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Kendall Squared brings you dispatches from the world’s epicenter for biotechnology and drug discovery. 

In a sun-filled conference room in Cambridge, Mass., on a recent day, Dr. Rosemary Mazanet held court at a meeting with the new drug team of the immunotherapy company Enumeral. In quick succession, the scientists updated her with reports ranging from their tissue sample supply to where animal studies stood.

“Will they tell us in real time how the mice are doing?” she asked, moving through agenda items matter-of-factly and jotting notes on a packet of pages in front of her. Indeed, Enumeral would be getting live responses. “That’s excellent,” Mazanet replied.


Soon after the meeting, Mazanet switched gears: She jumped on a call with a California-based company focused on cancer vaccines. Then, that afternoon, she ran a meeting with a biotechnology company looking at gene control, advising it on its research and clinical development plans.

A direct employee of none of those companies, Mazanet instead is an executive-for-hire. Other biotech veterans have gone the same route, serving as a C-level executive for a few months at a time or on a part-time basis, often for several startups at once.


“They need someone who’s experienced, but they can’t really afford it,” Mazanet said. “And people who are very experienced usually don’t want to just do one thing.”

In other words, “You don’t hire a CMO, you hire half of a CMO, or a third of a CMO,” Mazanet said, referring to chief medical officers.

Mazanet, who has been doing this work for about four years, juggles between multiple email accounts and various stacks of business cards with ease. She prefers not to take formal titles with the companies she works with, but others accumulate titles of chief financial officer, chief operating officer, and even CEO, packing their LinkedIn profiles with an array of corner-office positions that in this case are more often performed from home offices.

It’s not clear how many people do this type of rent-an-executive work in the biotech world, but interviews with more than a dozen executives, companies, and observers show it is becoming more common, and more accepted.

The trend reflects shifts in the pharmaceutical and biotechnology industries and possibly the larger labor force. Corporate behemoths no longer dominate drug discovery, instead depending on smaller companies for innovative ideas. That has propelled the rise of “virtual” startups, those with one or two key employees who plug the gaps with contractors and consultants. And across industries, more workers are forgoing long-term employment and setting out on their own.

“It’s not like when your grandfather worked for IBM for 30 years,” said Matt Marx, a professor at the MIT Sloan School of Management. “You’re more loyal to your craft than your company.”

Partners from venture capital firms have for years taken on positions at companies their firms help start. But the newer fleet of interim and part-time executives tend to be free agents.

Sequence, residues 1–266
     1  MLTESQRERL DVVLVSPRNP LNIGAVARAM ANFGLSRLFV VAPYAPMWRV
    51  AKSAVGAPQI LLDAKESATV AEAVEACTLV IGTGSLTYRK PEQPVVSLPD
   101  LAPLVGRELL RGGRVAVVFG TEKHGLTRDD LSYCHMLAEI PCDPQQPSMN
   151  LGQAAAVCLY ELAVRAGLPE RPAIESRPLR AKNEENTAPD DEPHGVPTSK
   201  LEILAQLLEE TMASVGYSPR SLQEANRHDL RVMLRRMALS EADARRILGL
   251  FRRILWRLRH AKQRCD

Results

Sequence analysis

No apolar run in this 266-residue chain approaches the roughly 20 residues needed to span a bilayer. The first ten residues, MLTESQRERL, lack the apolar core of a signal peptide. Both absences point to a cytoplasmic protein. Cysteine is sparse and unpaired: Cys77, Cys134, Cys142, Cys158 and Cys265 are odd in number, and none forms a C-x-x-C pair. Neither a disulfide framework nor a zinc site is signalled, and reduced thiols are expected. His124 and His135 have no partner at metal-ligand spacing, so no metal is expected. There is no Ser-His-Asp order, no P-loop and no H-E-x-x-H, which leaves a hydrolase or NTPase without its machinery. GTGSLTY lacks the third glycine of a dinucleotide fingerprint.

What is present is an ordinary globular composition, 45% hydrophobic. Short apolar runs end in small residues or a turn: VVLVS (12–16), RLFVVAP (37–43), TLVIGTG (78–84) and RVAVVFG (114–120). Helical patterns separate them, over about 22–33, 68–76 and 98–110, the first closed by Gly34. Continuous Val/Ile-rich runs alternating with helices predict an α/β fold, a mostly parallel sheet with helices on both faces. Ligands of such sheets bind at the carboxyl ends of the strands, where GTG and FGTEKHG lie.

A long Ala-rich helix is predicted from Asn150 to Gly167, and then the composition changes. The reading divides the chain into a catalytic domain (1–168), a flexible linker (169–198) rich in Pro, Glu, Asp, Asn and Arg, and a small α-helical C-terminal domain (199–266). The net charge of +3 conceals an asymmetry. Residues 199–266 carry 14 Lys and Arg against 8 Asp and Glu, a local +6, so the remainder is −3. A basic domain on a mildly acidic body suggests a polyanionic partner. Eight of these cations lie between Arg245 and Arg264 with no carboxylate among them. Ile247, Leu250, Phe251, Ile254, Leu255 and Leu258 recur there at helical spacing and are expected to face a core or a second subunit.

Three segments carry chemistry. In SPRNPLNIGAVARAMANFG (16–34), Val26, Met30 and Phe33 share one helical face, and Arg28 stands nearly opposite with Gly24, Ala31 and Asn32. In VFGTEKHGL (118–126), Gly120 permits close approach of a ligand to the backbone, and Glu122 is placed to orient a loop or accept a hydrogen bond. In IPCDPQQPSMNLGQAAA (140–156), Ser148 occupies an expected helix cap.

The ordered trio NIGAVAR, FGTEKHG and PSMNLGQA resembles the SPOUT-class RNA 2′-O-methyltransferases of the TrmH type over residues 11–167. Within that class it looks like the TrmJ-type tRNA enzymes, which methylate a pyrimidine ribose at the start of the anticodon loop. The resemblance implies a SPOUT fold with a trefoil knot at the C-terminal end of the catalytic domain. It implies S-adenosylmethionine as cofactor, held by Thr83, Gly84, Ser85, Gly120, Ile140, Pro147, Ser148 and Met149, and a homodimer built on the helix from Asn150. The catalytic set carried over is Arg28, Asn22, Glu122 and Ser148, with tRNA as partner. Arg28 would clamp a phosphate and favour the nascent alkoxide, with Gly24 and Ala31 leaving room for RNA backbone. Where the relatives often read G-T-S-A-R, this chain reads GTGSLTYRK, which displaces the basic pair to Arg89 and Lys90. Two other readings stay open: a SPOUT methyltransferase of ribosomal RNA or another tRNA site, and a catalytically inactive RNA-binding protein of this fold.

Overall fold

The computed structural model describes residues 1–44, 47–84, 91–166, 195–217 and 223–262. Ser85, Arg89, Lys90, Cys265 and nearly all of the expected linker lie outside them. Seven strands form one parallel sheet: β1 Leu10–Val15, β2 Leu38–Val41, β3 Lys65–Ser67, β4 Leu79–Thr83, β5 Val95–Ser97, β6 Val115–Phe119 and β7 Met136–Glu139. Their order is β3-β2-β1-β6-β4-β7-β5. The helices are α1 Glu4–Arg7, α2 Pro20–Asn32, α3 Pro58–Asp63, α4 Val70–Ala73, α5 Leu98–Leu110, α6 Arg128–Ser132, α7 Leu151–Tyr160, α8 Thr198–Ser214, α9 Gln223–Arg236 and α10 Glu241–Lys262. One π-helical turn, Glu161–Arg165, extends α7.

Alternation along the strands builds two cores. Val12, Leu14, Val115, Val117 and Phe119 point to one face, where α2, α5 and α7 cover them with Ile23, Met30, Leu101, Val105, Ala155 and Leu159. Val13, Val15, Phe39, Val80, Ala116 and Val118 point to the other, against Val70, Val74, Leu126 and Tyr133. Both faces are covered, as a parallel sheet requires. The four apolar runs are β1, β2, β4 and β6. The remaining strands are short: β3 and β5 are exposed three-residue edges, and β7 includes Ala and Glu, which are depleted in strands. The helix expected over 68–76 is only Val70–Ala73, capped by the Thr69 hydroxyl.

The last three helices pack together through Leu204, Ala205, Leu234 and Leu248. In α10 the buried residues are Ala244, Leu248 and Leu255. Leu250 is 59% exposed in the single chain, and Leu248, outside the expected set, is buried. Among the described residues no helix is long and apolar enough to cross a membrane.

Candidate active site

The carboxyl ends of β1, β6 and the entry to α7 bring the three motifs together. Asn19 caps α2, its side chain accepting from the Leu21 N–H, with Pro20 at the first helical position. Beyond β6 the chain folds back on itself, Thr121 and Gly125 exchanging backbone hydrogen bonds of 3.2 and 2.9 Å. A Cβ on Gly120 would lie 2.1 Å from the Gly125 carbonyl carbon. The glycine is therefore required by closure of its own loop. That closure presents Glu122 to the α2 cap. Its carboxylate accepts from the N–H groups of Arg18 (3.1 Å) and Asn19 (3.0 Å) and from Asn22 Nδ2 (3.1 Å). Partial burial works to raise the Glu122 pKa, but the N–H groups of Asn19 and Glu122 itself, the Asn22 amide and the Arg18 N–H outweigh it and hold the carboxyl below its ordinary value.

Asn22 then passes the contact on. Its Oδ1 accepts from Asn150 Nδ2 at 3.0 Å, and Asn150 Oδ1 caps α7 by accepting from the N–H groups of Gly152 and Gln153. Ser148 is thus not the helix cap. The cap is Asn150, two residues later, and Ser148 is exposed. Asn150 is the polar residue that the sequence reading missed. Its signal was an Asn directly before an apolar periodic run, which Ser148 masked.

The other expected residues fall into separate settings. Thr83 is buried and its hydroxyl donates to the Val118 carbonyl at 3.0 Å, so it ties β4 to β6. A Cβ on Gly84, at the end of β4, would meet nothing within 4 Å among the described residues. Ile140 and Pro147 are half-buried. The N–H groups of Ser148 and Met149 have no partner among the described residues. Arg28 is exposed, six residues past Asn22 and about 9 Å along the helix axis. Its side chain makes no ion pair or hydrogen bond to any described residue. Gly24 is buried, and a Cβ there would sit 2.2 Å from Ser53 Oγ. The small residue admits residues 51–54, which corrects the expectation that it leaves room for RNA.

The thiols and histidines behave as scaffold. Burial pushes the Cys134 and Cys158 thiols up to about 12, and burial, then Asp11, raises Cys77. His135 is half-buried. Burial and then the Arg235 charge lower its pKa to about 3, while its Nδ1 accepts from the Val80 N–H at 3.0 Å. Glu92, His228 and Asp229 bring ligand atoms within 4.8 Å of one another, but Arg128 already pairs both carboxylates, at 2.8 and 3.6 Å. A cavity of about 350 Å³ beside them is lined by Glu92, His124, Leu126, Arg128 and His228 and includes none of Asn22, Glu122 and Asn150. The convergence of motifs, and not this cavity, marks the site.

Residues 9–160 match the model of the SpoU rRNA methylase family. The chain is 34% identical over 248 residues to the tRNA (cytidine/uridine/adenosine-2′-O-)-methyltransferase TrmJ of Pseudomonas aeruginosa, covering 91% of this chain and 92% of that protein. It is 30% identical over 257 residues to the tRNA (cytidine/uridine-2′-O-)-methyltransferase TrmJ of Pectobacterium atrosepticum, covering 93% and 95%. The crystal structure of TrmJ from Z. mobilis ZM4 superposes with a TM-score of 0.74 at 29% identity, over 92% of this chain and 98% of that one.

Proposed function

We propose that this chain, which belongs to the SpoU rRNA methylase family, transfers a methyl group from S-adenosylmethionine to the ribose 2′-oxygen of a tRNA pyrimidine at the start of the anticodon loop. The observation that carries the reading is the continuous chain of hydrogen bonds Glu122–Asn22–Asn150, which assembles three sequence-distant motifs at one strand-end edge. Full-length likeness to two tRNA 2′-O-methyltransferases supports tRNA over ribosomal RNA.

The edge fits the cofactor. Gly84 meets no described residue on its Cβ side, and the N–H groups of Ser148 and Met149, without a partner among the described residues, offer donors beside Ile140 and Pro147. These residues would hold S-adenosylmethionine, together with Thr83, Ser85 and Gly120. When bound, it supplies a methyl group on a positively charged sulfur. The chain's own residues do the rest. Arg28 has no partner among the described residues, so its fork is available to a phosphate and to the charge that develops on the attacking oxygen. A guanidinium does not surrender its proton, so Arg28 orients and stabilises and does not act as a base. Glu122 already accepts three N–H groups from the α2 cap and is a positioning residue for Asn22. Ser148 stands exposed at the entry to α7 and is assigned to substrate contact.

Executives and companies say the arrangement amounts to a win-win. For startup companies looking to pinch pennies or being started by scientists without business experience, they can access people with decades of expertise and pay them just for the work that needs to get done

“To be capital-efficient, we don’t have to hire these people full time, we don’t have to put them on our payroll,” said Sena Biswas, a managing director at VIMAC Ventures who tapped Mazanet to work with a Montreal-based company, Angiochem, in which VIMAC invested.

As a company grows, it can then bring on full-time executives, often looking first to those who filled the interim role.

“Many startup companies, they may not need a CFO from day one,” said John Hallinan, chief business officer of the Massachusetts Biotechnology Council.

The part-time execs say there are various perks of their peculiar kind of work. It gives them the chance to work in the buzzing world of startups without subjecting them to the slog of getting one off the ground or the risk of failure.

“With what I do, there’s never a dull moment,” said Ramani Varanasi, who consults and is chief business officer at two companies.

Although they are like consultants, the part-time executives say the work differs because they enact plans, not just offer guidance.

“I don’t just sit on the sidelines and watch as someone drags their feet,” said Arthur Hiller, who serves as interim CEO of a new company called Antyllus Therapeutics and does traditional consulting. “I can actually drive it forward.”

Recognizing the opportunity, traditional consulting firms have started staffing C-suite roles for clients. Red Sky Partners, a Cambridge company that started almost a decade ago, has focused more on providing what it calls “virtual operating management” in recent years, said Pauline Jen Ryan, a partner there. And Danforth Advisors, based in Southborough, Mass., was launched four years ago specifically to fill interim executive positions at startup companies.

Bouncing between roles does, of course, pose some challenges. A part-time exec indisposed with pitching to investors for one company won’t be on hand to respond to a PR crisis at a second company. Potential conflicts of interest and questions about proprietary information loom. The executives say they sign nondisclosure agreements and won’t take on jobs at competing companies.

The model can also lead to some funny circumstances. Mazanet once had a meeting with the Food and Drug Administration on behalf of one company, and had another meeting with the FDA not long after.

The FDA officials recognized her, but this time she was representing a different company.